“Once our restaurants reopen we’ll still be supporting the community and making between 500 and 1000 meals a day in each city. The vulnerable are going to need support for some time to come.”


More than half of the staff at Ben Shewry’s Attica are temporary visa holders ineligible for welfare payments.

So Shewry and his team launched the Attica Soup Project. Every time you order a bowl of Attica’s soul-warming $25 soup – a shiitake and coconut broth with shredded free-range chicken and crisp garlic – you’ll be helping to feed a hospitality worker in need.


Moroccan Soup Bar
Hana Assafiri is the owner of Moroccan Soup Bar and has been feeding the Fitzroy community on the cheap for more than 20 years. When her restaurant temporarily closed, Assafiri turned her attention to medical workers.

“To thank them, I want them to receive a healthy hot meal from their community at the end of each shift – to send them home each day knowing that we care and appreciate what they are doing for us,” she wrote on a page set up for donations.

Just $12.50 bought a single meal, and before the page closed at the end of May, Assafiri had raised more than $11,000.

Daughter in Law
More than 60 per cent of staff at Jessi Singh’s Indian restaurant Daughter in Law are temporary visa holders, and at the height of the crisis most had either lost their jobs or had shifts significantly reduced. They don’t qualify for Jobseeker or Jobkeeper payments, and like thousands of temporary workers across the country affected by Covid-19, many have no other means of support.

In response, over the Easter long weekend, Singh and business partner Shane Barrett handed over the entire operation – and the profits – to staff on temporary visas.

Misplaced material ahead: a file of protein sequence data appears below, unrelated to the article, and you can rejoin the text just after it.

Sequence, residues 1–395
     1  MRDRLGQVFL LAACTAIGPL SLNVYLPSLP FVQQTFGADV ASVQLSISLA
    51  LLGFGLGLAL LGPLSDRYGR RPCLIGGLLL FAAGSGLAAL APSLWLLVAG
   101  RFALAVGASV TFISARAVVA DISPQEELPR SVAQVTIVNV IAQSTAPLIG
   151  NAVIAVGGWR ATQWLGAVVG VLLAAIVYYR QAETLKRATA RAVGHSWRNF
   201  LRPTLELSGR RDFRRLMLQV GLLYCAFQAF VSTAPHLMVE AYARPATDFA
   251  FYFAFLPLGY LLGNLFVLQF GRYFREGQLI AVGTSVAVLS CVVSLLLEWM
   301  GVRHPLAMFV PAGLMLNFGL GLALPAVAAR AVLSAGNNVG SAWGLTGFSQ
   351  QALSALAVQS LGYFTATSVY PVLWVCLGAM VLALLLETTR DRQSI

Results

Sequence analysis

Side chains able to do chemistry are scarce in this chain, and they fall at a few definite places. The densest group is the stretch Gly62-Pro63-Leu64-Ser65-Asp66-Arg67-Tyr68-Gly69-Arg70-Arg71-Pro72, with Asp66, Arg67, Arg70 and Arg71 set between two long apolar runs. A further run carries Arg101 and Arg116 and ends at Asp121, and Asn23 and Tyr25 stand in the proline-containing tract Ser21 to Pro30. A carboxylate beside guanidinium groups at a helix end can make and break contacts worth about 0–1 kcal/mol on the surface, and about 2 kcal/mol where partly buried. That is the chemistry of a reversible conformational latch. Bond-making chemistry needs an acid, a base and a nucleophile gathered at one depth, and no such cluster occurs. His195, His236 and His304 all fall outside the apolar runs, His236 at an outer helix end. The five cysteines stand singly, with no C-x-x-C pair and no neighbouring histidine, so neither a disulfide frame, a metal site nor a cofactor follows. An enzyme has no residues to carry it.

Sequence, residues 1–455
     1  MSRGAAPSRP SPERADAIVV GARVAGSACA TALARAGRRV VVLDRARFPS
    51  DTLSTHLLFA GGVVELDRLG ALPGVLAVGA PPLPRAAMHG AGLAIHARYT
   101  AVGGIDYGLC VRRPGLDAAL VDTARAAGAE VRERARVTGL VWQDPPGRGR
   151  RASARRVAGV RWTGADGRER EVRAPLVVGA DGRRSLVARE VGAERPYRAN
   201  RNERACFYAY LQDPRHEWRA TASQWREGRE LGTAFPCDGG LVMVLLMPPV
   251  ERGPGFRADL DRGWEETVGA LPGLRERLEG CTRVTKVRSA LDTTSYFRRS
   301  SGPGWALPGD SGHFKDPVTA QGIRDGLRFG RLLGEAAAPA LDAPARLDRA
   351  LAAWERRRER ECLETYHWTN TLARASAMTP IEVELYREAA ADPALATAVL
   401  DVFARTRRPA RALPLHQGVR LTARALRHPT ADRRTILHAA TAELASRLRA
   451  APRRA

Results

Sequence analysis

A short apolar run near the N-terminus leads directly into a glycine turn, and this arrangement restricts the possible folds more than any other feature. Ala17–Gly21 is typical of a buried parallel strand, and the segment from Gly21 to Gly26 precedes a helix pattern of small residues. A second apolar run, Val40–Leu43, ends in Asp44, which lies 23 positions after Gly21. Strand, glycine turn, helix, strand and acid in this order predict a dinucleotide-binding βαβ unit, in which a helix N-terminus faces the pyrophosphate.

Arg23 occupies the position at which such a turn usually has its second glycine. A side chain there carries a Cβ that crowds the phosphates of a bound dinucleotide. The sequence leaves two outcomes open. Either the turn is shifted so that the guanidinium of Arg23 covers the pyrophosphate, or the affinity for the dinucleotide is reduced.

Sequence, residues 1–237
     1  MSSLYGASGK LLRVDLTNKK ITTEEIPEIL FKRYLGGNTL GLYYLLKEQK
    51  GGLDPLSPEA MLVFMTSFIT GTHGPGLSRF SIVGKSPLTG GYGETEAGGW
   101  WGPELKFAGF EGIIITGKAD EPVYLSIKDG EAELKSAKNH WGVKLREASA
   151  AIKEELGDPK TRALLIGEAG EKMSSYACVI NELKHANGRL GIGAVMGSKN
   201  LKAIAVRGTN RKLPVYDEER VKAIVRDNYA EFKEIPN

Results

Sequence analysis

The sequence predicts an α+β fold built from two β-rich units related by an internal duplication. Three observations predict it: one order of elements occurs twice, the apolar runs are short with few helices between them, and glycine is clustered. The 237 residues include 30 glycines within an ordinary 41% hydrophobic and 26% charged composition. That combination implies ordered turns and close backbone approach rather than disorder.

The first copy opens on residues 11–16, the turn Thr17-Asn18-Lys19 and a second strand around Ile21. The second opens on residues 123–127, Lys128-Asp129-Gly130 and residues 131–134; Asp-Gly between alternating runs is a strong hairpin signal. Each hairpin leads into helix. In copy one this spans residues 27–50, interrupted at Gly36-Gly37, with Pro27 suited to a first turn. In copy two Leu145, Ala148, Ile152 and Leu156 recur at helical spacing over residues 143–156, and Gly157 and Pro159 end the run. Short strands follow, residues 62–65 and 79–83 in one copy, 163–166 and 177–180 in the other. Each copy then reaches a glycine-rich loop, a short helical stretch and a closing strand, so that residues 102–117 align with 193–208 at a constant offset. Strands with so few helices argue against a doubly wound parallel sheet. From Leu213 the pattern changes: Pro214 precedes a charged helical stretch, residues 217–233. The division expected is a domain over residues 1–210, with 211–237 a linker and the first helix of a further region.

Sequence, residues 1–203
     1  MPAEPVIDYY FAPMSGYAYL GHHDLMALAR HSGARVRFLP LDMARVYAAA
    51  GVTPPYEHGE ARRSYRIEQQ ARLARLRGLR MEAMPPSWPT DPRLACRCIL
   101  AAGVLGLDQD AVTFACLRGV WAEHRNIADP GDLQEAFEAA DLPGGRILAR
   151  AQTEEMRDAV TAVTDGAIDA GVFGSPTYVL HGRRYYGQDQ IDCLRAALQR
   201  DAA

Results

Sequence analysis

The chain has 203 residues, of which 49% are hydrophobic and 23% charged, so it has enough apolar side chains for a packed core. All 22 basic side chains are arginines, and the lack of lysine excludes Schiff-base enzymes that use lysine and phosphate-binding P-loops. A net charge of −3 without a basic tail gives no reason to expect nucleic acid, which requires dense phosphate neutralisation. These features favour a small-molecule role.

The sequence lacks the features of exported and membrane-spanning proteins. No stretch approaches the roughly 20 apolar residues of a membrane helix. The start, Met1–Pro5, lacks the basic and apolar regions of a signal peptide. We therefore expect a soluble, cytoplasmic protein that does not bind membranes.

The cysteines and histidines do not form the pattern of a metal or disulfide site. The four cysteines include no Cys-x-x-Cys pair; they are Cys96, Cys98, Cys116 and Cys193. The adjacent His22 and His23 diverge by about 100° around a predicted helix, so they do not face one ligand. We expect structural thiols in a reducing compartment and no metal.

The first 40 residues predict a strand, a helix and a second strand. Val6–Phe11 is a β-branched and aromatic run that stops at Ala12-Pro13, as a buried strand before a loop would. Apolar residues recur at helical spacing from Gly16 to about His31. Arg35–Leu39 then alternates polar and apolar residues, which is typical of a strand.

“We’re very lucky to be in a position to help support them however we can, and to give the community the opportunity to do the same,” Barrett told Broadsheet at the time.


Chotto Motto, Wabi Sabi Salon and Neko Neko
“To help give support to people working on the frontlines during the Covid-19 crisis, we all teamed up to create healthy bento boxes,” says Chotto Motto co-owner Dylan Jones of his restaurant’s partnership with Neko Neko and Wabi Sabi Salon, two other Japanese eateries in Collingwood.

“They were paid for by generous donations from our amazing community here and in Japan. The price to donate a bento box was $14.”

The initiative is no longer running, but the team raised over $3000 and delivered more than 250 bento boxes to St Vincent’s, Royal Melbourne and The Austin hospitals.


Heart Attack & Vine
“We’ve been doing lunch runs to Northland Shopping Centre, providing lunch for the 18 or so staff who are working in the drive-through Covid testing station there,” says Nathen Doyle, co-owner of Carlton diner Heart Attack & Vine. “I have personally been driving the lunch runs at midday to the nurses in the testing facilities. They’ve all been very appreciative of the personal touch – with both the rolls and the owner delivering.”